The surrounding hinterland of Caorle

Check out our village in Caorle and visit the most beautiful and interesting places in Veneto and its surroundings!

During your holiday at San Francesco Village, you can visit the surrounding hinterland of Caorle and discover the true history of Caorle and its surroundings.

Caorle, past present and future

Caorle was once an island, surrounded by a large lagoon of canals, marshes and land, most of which was submerged by the rising tides. This territory, which was practically uninhabited and difficult to travel through, extended over 20 kilometres from the coast, arriving more or less at the height of where the motorway between Venice and Trieste runs today.

After 1600, the Serenissima Republic began major hydraulic works to move the rivers out of the Venetian lagoon. The reason was that the rivers, with their sedimentation, would have quickly buried the entire lagoon system.

The rivers were moved and, to give a clarifying example, it is sufficient to know that today the mouth of the Livenza, which we can admire from the top of the bridge entering Caorle, was once exactly in the place where the San Francesco Village exists today.

After the rivers were moved, the countryside began to be reclaimed, creating new canals and building water pumps to drain the land that is still in use today. The lands emerged and families of farmers settled on them and cultivation began.

With this itinerary we will travel through these places full of history.

Leaving the village by car or even better by bicycle, you turn right and after about 4 kilometres you reach a large roundabout where you turn left towards the Brian village. Here we can witness one of the most ingenious systems for controlling water flows: the Vinciane gates (“porte vinciane”), named after their designer, Leonardo da Vinci, used to separate the salty sea water from the fresh water in the canals, required for irrigation.

It is a system as simple as it is ingenious and effective. When the tide rises and the sea water pushes inwards, the gates close with the force of the water itself, while when the canal rises in level, for example due to rain, the same force pushes in the opposite direction, opening the gates and allowing the water to drain away.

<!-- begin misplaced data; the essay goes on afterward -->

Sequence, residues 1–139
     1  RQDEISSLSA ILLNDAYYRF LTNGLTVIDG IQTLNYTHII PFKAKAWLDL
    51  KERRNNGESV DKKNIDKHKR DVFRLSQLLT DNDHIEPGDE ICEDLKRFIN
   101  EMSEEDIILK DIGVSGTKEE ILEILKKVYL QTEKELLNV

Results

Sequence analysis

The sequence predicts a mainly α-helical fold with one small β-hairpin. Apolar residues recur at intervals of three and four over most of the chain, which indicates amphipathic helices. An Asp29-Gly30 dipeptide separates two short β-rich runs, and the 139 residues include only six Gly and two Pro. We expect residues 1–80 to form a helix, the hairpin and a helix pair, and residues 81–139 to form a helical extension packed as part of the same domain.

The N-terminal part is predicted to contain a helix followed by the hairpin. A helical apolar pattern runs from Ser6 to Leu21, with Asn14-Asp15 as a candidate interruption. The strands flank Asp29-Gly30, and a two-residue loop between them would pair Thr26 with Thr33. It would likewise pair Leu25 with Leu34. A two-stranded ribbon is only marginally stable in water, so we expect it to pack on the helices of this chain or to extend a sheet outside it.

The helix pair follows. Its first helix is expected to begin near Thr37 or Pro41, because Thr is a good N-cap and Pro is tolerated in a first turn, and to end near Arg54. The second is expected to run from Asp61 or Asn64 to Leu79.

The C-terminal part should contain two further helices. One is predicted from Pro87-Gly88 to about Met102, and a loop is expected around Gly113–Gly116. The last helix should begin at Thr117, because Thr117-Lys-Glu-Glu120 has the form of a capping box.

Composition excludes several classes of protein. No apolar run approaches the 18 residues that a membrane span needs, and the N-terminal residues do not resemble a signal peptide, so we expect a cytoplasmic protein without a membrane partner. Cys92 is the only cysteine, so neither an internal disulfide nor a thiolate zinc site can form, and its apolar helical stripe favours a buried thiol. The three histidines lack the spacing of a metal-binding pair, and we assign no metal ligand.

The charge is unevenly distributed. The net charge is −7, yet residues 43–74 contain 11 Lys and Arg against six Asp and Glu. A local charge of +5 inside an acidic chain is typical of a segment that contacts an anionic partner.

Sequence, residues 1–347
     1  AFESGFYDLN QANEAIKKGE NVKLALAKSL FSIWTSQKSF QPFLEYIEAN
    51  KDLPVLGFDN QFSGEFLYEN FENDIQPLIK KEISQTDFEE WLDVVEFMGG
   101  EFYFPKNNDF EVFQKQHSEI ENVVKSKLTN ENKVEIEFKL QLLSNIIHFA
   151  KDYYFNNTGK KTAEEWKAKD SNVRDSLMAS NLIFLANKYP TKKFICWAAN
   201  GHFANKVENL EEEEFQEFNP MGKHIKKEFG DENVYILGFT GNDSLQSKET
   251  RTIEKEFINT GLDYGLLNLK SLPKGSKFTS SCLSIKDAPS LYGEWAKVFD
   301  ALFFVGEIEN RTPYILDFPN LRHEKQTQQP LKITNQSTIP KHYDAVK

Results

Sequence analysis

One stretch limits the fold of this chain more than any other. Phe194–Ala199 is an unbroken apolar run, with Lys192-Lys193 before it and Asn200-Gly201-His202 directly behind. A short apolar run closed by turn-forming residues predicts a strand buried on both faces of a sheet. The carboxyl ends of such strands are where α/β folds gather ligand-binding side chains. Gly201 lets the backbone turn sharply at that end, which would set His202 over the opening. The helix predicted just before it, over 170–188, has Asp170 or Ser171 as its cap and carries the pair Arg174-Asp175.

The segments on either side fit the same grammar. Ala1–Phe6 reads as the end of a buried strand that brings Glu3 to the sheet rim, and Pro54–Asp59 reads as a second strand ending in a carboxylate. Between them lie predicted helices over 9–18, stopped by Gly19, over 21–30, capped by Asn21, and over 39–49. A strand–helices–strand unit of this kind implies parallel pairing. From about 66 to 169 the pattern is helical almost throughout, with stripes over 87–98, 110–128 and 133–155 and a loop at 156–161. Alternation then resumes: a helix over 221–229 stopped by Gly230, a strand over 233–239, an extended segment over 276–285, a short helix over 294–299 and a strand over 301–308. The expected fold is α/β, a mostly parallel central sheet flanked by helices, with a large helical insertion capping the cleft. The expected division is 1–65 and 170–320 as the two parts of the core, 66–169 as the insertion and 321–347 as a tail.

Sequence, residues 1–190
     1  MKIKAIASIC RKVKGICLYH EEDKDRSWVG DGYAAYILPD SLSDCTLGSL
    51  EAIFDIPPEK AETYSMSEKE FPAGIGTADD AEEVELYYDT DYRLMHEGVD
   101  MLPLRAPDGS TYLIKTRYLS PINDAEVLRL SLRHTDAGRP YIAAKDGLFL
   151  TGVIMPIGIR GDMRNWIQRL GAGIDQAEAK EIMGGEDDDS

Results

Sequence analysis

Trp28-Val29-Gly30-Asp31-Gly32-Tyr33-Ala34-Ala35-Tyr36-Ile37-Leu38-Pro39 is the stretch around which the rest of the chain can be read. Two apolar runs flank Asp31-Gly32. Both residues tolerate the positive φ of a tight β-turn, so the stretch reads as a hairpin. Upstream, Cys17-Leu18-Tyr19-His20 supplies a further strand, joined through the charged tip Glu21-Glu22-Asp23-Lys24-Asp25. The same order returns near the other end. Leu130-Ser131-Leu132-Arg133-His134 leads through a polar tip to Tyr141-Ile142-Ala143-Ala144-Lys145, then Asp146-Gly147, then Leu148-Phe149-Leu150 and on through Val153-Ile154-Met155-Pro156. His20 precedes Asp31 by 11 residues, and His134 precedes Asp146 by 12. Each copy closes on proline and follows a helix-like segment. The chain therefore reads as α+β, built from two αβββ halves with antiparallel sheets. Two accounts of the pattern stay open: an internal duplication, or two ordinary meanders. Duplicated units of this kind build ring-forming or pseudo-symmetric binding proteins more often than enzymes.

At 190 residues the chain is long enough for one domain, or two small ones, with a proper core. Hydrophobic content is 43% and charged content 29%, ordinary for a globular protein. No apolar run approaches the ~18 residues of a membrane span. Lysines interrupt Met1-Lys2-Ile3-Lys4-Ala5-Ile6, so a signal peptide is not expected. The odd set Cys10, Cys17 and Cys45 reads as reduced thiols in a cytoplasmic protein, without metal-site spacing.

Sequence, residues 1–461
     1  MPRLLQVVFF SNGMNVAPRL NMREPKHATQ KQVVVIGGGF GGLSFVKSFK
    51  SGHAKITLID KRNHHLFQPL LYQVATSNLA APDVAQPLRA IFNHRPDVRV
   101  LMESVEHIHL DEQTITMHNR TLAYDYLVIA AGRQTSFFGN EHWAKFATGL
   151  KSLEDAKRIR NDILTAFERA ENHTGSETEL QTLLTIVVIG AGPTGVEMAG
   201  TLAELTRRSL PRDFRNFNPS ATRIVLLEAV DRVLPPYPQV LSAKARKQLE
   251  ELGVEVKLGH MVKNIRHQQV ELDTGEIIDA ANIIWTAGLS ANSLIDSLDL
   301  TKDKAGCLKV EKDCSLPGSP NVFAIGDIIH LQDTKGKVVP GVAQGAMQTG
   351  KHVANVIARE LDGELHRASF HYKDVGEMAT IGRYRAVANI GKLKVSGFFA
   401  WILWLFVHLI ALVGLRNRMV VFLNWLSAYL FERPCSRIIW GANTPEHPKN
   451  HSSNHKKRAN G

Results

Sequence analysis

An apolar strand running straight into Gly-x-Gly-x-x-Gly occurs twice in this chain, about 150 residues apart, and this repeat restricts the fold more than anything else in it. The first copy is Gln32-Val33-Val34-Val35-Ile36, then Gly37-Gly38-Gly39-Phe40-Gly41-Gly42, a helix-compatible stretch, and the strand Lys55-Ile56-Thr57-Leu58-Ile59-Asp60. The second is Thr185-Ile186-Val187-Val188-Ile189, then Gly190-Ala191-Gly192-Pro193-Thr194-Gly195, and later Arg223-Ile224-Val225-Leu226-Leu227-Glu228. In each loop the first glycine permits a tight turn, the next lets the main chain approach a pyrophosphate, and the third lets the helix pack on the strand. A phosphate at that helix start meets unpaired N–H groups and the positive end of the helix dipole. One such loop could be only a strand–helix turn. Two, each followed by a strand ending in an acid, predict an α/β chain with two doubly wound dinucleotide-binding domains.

Ca’ Corniani

From Brian village you can go on, following country roads that are often almost deserted, and in a few kilometres you will reach Ca’ Corniani. The ancient village takes its name from the noble Venetian family that bought the surrounding land and built the village that can still be admired today. The houses and public space represent typical agricultural architecture from Veneto, including an old wine cellar that is now open to the public.

Ca’ Cottoni

After 5 more kilometres, on a brand new cycle path that runs alongside the local road, we arrive at Ca’ Cottoni, which has a history very similar to Ca’ Corniani, except that in this case the Venetian nobles who bought the land from the Serenissima Republic were called Cottoni.

Before arriving in this small village, on the right and in front of the road that climbs up the Livenza embankment, there is a small church dating back to 1700. Unfortunately it is often closed.

From here you can continue towards the nearby hamlet of La Salute di Livenza and then turn right or left to return to where you started. In this case, it does not matter which road you choose: on all these routes towards Caorle, you are surrounded by agricultural areas that have provided work and food for thousands of people for centuries.

And this is why you will always find well-kept and well-tended fields, almost as if they had the value of a garden, occasionally interrupted by a few country cottages, which are often now uninhabited and, more rarely, by mansions.

Author: Gianni Prevarin

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